Early life of Meeraji
Meeraji was born into a Kashmiri family of Gujranwala and named Mohammed Sanaullah Dar and passed his childhood days in Kucha Sardar Shah, Mozang in Lahore. His father, Munshi Mohammad Mahtabuddin, was a railway engineer, so his family had to often move from one place to another. He lived in Kathiawar, Bostan (Baluchistan), Sanghar and Jacobabad.
Meeraji began composing poetry, under the pseudonym of Sasri, when he was at school. It was from his later encounter with a Bengali girl, Meera Sen, who was a daughter of an accounts officer serving in Lahore that he fell deeply in love. This left a permanent trace in his life that he adopted his pen name on her name. Meeraji, though brought up in affluent surroundings, Meeraji left his home and family and chose to lead the life of a homeless wanderer, mostly staying with his friends and making a living by selling his songs.
Literary life of Meeraji
Meeraji was associated with Adabi Duniya (Lahore), and later worked for All India Radio in Delhi. He wrote literary columns for the monthly Saqi in Delhi and for a short period helped editing Khayal (Mumbai). After Partition of India, he settled permanently in Mumbai.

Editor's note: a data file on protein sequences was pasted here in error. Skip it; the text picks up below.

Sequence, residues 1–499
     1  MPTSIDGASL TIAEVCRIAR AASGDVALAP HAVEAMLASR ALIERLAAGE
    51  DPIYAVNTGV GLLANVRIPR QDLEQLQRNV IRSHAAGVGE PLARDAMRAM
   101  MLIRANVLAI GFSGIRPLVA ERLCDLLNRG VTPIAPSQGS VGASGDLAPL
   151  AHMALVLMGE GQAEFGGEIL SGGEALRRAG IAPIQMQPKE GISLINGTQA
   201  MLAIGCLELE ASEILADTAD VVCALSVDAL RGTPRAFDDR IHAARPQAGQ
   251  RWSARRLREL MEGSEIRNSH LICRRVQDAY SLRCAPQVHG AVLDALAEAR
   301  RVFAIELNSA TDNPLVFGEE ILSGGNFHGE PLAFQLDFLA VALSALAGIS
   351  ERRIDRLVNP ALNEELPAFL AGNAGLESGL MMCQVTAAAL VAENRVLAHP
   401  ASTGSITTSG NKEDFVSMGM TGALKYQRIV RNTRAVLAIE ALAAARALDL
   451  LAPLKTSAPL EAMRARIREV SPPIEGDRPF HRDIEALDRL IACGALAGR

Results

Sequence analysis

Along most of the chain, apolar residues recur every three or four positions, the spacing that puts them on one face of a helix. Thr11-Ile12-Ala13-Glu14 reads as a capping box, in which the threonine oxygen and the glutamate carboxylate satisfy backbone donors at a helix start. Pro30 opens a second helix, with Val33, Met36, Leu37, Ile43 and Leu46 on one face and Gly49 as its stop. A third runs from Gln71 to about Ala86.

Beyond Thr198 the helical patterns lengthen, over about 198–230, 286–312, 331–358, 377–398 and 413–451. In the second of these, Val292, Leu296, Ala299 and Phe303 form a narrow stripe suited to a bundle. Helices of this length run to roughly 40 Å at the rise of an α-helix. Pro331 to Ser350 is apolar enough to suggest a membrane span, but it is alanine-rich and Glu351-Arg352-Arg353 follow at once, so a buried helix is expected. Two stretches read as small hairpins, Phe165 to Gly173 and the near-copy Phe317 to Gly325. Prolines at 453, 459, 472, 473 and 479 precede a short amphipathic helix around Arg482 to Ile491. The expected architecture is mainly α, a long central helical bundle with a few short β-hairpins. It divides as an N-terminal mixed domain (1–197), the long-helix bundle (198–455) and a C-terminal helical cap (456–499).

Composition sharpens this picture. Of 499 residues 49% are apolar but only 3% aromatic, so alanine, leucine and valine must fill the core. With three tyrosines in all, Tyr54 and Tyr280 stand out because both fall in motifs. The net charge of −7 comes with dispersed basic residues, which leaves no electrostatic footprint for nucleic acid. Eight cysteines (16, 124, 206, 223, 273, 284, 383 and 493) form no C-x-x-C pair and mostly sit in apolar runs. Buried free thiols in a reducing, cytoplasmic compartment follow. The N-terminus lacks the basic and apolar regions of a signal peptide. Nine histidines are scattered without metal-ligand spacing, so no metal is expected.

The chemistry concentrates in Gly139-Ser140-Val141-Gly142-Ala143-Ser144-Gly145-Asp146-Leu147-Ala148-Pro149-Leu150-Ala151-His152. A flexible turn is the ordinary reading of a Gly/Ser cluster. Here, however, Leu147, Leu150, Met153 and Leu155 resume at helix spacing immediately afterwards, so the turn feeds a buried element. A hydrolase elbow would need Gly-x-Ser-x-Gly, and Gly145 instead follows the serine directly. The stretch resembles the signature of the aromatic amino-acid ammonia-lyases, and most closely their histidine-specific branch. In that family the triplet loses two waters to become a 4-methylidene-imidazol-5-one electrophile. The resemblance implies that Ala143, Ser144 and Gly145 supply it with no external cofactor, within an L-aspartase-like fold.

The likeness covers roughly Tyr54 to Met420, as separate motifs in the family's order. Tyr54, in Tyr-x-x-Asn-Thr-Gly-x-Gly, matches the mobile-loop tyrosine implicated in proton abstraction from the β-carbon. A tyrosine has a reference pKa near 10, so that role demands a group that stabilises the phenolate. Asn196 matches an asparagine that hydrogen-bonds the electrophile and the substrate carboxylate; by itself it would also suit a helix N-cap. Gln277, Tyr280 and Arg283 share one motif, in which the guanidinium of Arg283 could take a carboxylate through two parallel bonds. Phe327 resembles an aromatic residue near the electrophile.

From his teenage days, Meeraji felt attracted towards Hindu mythology. Hindi vocabulary often came across in his poetry, prose and letters. He also acknowledged his debt to the Sanskrit poet Amaru and the French poet Baudelaire. He also translated certain works of the Sanskrit poet, Damodar Gupta and of the Persian poet, Omar Khayyam.
Meeraji is considered to be one of the pioneers of symbolism in Urdu poetry, and especially introducing Free Verse. He also wrote illuminating criticism of poetry and yearned to alter the expression of his age.
Works of Meeraji
Meeraji's literary output was immense but he is said to have published very little of his poetry during his lifetime. During Meeraji's lifetime four collections of Meeraji's works were published by Shahid Ahmed Dehlavi, and one by Maktaba-e-Urdu, Lahore. His complete works Kulliyat-e-Meeraji appeared only in 1988 edited by Dr. Jameel Jalibi. Another collection titled Baqiyat-e-Meeraji was edited by Sheema Majeed in 1990. A book titled "Iss Nazm Mein" containing Essays of Meeraji was published during his lifetime.
The list of the works of Meeraji:
"Meeraji ke Geet" (Poems)
"Meeraji ki Nazmen"(Poems)
"Teen Rang" (Poems)
"Iss Nazm Mein" (Criticism - Essays of Meeraji)
"Kulliyat-e-Meeraji" (Poems) compiled by Altaf Gauhar and published by Dr. Jameel Jalibi, Urdu Markaz U.K.
"Baqiyat-e-Meeraji" (Poems) edited by Sheema Majeed and published by Pakistan Books and Literary Sounds, Lahore.
Personality of Meeraji
Meeraji had adopted a deliberately outlandish style in his dress. Supporting long, floating hair, a dagger-like moustache, over-size earrings, a colourful headgear, an amulet and a string of beads around his neck, he fits into Coleridge's description of a poet - an inspired being with "flashing eyes and floating hair", who "on honey - dew hath fed/ And drunk the milk of Paradise ".u Mehr Lal Soni Zia Fatehabadi, his poet friend and former class fellow, recalled that the only time Meeraji trimmed his long hair, was when he joined All India Radio, New Delhi.
Meeraji died on 4rt November in the year 1949.
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